Dr. Guru Sonpavde, MD (Clinical Assistant Professor, Baylor College of Medicine) reported about an open label, phase II trial of sunitinib (Sunitinib, marketed as Sutent, and previously known as SU11248 is an oral, small-molecule, multi-targeted receptor tyrosine kinase (RTK) inhibitor that was approved by the FDA for the treatment of renal cell carcinoma (RCC) and imatinib-resistant gastrointestinal stromal tumor (GIST) on January 26, 2006. – Wikipedia) for men with metastatic CRPC (castration resistant prostate cancer) following prior docetaxel chemotherapy.
The subjects of the study were given 50 mg of oral Sunitinib daily for 4 of every 6-week cycle until progression and up to a maximum of 8 cycles. Progression was defined as the first occurrence of any of the following: two distinct new lesions on bone scan, progression of measurable disease by RECIST criteria, worsening of pain by 2 points on the six-point present pain intensity (PPI) scale, urinary tract obstruction, bone-related events or a deterioration of performance status to an ECOG score of 3-4. The researchers did not use PSA increases to determine progression. All the men participating in the trial had progressed following prior administration of docetaxel. Additionally, 36.2% of patients had received one other chemotherapeutic agent and 11.1% had also received prior bevacizumab (an FDA approved drug designed to inhibit the formation of new blood vessels to tumors.)
This phase II trial was very modest in size as only 36 men participated. The relatively high composite 12-week PFS (progression free survival) of 75.8% accompanied by 50% and 30% PSA declines in 12.1% and 21.2% of patients, support the possible use of sunitinib in treating well progressed CRPC.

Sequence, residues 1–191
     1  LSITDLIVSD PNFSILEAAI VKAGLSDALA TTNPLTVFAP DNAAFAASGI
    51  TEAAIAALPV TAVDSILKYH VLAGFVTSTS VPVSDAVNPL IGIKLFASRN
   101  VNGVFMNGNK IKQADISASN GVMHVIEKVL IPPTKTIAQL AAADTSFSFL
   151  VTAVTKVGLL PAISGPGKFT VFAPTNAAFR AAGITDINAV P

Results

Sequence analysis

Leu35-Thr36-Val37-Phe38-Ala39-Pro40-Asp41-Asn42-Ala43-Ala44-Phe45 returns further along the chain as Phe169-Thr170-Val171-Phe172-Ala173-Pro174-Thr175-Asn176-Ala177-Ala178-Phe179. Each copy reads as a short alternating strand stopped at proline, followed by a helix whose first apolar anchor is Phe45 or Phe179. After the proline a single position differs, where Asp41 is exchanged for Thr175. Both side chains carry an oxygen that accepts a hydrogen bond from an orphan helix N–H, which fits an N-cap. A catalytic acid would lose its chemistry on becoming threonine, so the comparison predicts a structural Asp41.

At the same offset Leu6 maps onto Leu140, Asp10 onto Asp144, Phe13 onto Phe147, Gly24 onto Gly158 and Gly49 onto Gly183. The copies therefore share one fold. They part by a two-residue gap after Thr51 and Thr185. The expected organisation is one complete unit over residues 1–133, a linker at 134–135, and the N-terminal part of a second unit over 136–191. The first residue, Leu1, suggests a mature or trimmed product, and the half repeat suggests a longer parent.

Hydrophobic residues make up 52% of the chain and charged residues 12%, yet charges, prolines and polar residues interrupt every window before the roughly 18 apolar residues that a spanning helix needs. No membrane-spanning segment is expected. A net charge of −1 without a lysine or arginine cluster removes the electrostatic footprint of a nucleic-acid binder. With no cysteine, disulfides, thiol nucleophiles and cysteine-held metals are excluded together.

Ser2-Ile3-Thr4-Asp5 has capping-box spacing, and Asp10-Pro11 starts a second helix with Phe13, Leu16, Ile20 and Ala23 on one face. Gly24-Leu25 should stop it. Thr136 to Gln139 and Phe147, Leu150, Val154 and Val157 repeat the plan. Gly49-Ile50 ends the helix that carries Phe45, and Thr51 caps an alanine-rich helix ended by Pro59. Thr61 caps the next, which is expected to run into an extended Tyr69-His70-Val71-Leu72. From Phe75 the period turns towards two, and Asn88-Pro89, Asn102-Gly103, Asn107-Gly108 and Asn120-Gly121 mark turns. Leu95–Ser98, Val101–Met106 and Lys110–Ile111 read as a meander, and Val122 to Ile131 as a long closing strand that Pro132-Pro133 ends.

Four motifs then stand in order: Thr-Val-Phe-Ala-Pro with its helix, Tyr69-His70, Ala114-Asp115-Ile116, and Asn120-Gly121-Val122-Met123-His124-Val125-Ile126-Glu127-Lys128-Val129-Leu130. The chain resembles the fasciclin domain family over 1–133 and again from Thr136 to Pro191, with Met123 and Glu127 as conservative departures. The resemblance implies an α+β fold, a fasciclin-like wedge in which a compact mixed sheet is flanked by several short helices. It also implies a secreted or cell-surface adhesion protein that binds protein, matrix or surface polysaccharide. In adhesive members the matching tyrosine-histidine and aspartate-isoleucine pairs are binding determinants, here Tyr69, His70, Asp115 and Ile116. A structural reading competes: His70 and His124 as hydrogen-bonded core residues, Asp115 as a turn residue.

Additionally, of 18 assessable patients, two (11.1%) exhibited an unconfirmed 30% tumor shrinkage by RECIST and eight (44.4%) exhibited some reduction in tumor size. In addition, two (2) of the four (4) men who had received prior bevacizumab displayed a 50% PSA decline and a 30% PSA decline, suggesting that these agents may not be completely cross-resistant. The phenomenon of PSA elevations coupled with clinical benefit (pain response) observed in other trials with similar TKIs (tyrosine kinase inhibitors) was also noted.
Although most toxic effects expierenced by the subjects were mild, the majority of the men (52.8%) discontinued therapy due to toxic effects. As a result, the median TTF (time to failure) was a more modest 11.8 weeks compared to the median PFS of 19.4 weeks. Fatigue, anemia, nausea, anorexia and neutropenia (failure of the bone marrow to make enough white blood cells) were the most common toxic effects experienced by the subjects.
Severe grade 3-4 toxic effects were infrequent with fatigue (n = 6), anorexia (n = 5), nausea (n = 3), and diarrhea and leukopenia (n = 2 each), being the most common. Two deaths were deemed to be possibly related to study therapy including one non-neutropenic infection and one cerebrovascular hemorrhage, although a definitive causative link could not be established. This elderly population of relatively heavily pretreated patients with metastatic CRPC may tolerate even mild toxic effects poorly compared with younger patients treated in other settings. Closer clinical monitoring and prompt dose reductions when early toxic effects were seen may have mitigated these events.
Given the high rate of discontinuation of therapy due to toxic effects, a lower dose and less heavily pretreated population may be more optimal (earlier use). There is an ongoing phase III trial in the second-line setting is comparing sunitinib 37.5 mg daily continuously plus prednisone versus placebo plus prednisone.
Joel T. Nowak MA, MSW